In determining the date of disablement in the instant claim, the Board reviewed claimant’s medical records and relied upon a March 17, 2009 report of Laura Bienenfeld, a physician treating claimant for his respiratory issues related to his work at the World Trade Center (hereinafter WTC) site — for which claimant filed a separate workers’ compensation claim in 2016.[FN2] Noted in the March 17, 2009 report was information that claimant’s back and neck pain had progressed since his work at the WTC site and that another physician, Charles Kim, who was treating claimant for those conditions several years ago, advised claimant of the potential of developing paresthesia in his hands. In the March 17, 2009 report, which reflects a positive Tinsel’s test at both wrists producing diffuse paresthesia in both hands, Bienenfeld diagnosed claimant with bilateral hand numbness and weakness and noted that the condition is related to claimant’s prior physical activity at the WTC site and is work related. Further testing, however, was recommended to determine if the condition was caused by cervical radiculopathy.

Although a positive Tinsel test was noted in the March 17, 2009 report, the diagnosis of carpal tunnel syndrome is noted [*2]in subsequent medical records. Further, the voluminous medical records do not indicate etiology of the carpel tunnel diagnosis. In addition, there is no mention of claimant’s shoulder or knee injuries in the March 17, 2009 report. Although there are diagnoses and general references to claimed sites of injury — specifically the left shoulder, knees and wrists — in subsequent medical records, there is no medical finding that these injuries were causally related to his work activities until Bienenfeld’s January 2018 report. To the extent that the Board indicates that claimant told Ismail Nabeel, one of claimant’s treating physicians, that his problems began when working on the WTC site, such statement is attributable to claimant’s low back pain and sciatica, which are not at issue in the instant claim. Based upon our review of the record, we find that substantial evidence does not support the Board’s determination setting the date of disablement as March 17, 2009, as the medical report relied upon does not address or reflect information pertaining to all of the alleged sites of injuries in the instant claim and, therefore, is insufficient, on its own, to support a date of disablement (see generally Matter of Bunn v Wegmans Food Mkts., Inc., 130 AD3d 1133, 1134 [2015]; Matter of Hastings v Fairport Cent. School Dist., 274 AD2d at 661; Matter of Bonneau v New York City Dept. of Sanitation, 233 AD2d at 797). As such, the matter must be remitted to the Board for further proceedings.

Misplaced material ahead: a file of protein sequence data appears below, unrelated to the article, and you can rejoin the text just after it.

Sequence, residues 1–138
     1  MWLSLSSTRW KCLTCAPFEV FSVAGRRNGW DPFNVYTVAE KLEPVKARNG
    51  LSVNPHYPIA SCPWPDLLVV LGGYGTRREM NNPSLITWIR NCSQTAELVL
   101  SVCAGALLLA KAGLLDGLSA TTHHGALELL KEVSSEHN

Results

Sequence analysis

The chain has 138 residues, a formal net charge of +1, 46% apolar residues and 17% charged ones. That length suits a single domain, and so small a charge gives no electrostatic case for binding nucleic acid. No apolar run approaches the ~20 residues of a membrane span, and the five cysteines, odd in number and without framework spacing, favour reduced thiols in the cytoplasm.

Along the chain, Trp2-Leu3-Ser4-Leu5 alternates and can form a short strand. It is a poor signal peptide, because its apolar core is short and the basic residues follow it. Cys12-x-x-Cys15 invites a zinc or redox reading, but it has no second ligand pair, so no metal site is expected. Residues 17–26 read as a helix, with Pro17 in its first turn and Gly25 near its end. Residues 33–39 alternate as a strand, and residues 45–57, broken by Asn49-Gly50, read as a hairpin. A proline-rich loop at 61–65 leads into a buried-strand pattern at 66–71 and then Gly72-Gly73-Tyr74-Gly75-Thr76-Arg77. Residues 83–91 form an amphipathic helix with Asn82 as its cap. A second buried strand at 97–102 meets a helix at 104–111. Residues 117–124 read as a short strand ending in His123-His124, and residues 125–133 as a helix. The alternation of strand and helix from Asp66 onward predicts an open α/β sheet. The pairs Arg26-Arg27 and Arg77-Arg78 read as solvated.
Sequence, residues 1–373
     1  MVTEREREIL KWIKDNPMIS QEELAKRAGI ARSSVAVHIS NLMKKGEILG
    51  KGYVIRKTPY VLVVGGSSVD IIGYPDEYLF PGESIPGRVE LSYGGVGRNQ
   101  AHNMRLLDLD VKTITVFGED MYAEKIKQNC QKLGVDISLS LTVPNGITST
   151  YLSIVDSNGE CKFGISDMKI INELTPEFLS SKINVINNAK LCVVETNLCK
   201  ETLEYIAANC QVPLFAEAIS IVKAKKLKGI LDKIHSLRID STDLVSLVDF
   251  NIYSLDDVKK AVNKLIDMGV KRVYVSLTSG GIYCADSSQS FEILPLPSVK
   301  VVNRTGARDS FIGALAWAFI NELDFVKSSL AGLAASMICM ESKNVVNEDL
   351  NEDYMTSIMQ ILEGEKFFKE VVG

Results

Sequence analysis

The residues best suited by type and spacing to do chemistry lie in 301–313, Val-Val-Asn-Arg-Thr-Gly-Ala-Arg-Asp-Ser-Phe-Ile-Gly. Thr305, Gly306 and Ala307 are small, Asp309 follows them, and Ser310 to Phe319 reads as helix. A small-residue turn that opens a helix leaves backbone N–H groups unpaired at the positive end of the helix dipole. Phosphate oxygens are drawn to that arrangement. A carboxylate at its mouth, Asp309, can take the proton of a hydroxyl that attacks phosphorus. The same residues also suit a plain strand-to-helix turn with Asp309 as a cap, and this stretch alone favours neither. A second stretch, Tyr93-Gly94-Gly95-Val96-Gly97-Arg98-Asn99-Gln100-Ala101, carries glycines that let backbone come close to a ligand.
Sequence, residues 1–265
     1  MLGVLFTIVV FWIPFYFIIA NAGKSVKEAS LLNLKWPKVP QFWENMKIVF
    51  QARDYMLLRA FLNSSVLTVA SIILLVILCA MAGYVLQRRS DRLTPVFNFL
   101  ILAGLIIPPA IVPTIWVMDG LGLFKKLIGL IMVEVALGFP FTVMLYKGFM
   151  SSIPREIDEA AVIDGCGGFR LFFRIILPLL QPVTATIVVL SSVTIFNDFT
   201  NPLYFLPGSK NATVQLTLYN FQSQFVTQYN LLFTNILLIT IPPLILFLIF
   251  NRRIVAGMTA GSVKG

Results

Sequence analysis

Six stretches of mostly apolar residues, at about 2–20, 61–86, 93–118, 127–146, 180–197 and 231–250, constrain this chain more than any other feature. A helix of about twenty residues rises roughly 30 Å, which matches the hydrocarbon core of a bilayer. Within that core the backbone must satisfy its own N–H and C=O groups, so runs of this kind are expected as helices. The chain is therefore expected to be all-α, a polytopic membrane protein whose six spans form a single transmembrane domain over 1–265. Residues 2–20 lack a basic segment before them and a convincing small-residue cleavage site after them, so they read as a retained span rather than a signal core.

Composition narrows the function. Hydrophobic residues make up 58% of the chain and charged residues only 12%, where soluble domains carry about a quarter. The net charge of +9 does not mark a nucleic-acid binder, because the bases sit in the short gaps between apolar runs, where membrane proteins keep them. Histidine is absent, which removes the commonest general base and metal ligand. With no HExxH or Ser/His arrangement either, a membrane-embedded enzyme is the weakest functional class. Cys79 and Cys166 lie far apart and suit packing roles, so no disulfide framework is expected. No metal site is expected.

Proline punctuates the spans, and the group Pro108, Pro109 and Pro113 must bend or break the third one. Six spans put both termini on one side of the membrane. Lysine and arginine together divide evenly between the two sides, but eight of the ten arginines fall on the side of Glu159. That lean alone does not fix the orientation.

Egan Jr., J.P., Clark, Reynolds Fitzgerald and Colangelo, JJ., concur.

ORDERED that the decision is reversed, with costs, and matter remitted to the Workers’ Compensation Board for further proceedings not inconsistent with this Court’s decision.


Footnote 1: In amending the initial claim, claimant withdrew any claim to the back and neck, but included a claim for a left shoulder injury.

Footnote 2: It should be noted that claimant’s medical records primarily pertain to his medical treatment in connection with his respiratory illnesses resulting from his clean-up work at the WTC site.